Review Summary: Wandas never cease.
For as long as there have been musicians in their twilight years, there have been those that have guided them through it and created something remarkable – reflections of timelessness and transcendence, rather than numbers and age. Who could forget the final Johnny Cash albums with Rick Rubin at the helm; or Julian Raymond's great work with Glen Campbell on his 2008 covers album Meet Glen Campbell
. Jeff Tweedy of Wilco recently had Grammy-winning success with soulful songbird Mavis Staple and her You Are Not Alone
record; and even Loretta Lynn found her music introduced to an entirely new generation with 2004's Van Lear Rose
. The latter was produced by one Jack White, who has decided to give the over-70s market another go with the woman many regard to be the defining female voice of rockabilly: miss Wanda Jackson. It's certainly a challenge, but has lightning struck twice for Mr. White with the end result of this collaboration, The Party Ain't Over
" You bet your sweet bippy, mister.
With a dream songbook of numbers, it's clear from as early as the opening seconds of the album that White was the man for the job of producer, lead guitarist and bandleader. We're introduced with the slick rockabilly take on Johnny Kidd and the Pirates' “Shakin' All Over,” complete with a punchy horn section, skittering electric guitar and drums that shake, rattle and roll whenever's appropriate – sometimes all three simultaneously. Then, as if out of some isolated corner of Hell, comes Jackson's voice. Holy Mother of God, that voice
. What time has done to that sweet, sassy voice that first came to prominence some fifty-odd years ago is beyond difficult to describe properly. It's ditched the sweet-and-sour styling and added a certain sting. There's grit in this voice, a nastiness that would normally be untoward of a woman in her seventies. It's a voice that scratches out its r's (“rrrrrrrrrrright up close to me”) and howls out its o's (“quivers down my backbooooooooooone”) - a voice that's come with years of sex, drugs and a healthy dose of the Devil's music. Whether it's echoing off the walls or getting dipped into distorted reverb, White does everything within his power to make it sound as rock & roll as possible.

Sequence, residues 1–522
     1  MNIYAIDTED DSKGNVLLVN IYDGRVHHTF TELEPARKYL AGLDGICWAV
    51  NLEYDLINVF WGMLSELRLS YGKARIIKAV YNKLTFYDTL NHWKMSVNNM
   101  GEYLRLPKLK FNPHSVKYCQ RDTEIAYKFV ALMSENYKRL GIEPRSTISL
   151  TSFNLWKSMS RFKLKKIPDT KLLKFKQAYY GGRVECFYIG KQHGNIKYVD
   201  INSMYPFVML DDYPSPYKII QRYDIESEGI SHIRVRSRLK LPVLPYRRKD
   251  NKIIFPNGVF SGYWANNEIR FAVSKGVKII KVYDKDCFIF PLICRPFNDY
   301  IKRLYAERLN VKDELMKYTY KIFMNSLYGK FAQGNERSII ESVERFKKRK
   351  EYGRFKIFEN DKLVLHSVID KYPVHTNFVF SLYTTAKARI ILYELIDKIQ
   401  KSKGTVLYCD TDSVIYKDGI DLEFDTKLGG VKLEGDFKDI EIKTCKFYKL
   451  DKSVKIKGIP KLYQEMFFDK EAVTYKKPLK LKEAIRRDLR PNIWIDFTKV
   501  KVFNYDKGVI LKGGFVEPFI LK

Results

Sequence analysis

This is a set of custom-fit covers, occasionally twisting around style and lyrics in order to tessellate with Jackson herself. The groove, for instance, is maintained with their version of the late Amy Winehouse's “You Know I'm No Good,” but the overt sexuality is toned down (“thinking of you in the final throes” becomes “thinking of you, but no-one knows”). Normally, this would come across as prudish or timid, but in this instance it assists in shifting emphasis towards the desperation and helplessness conveyed within the song. The shuffle of Bob Dylan's “Thunder on the Mountain,” from 2006's Modern Times
, is here given a kick into overdrive with stabs of horns, rolling snare hits and White intervening every couple of minutes with piercing, fiery guitar solos. The guy hasn't wailed this hard since The White Stripes' cut “Ball & Biscuit” back in 2003, and it's clear that Wanda is bringing out the rockabilly devil within him. Only minor lyrical changes here – some verses are moved around, and the reference to Alicia Keys is replaced with one to Jerry Lee Lewis (poor Wanda might not even know who Alicia Keys is). Similarly, it seems insignificant on paper, but in the midst of the song itself it manages to work very much in the song's favour.
If The Party Ain't Over
proves anything, it's that Wanda Jackson is flat out refusing to go out quietly. Retirement is for quitters, boys and girls. Rock & roll, on the other hand, is a lifelong commitment – and it's something that both White and Jackson are very much dedicated to. This is bold, brash and remarkably vital music – not an afterthought in an extensive discography, but something to be held proudly alongside her finest moments.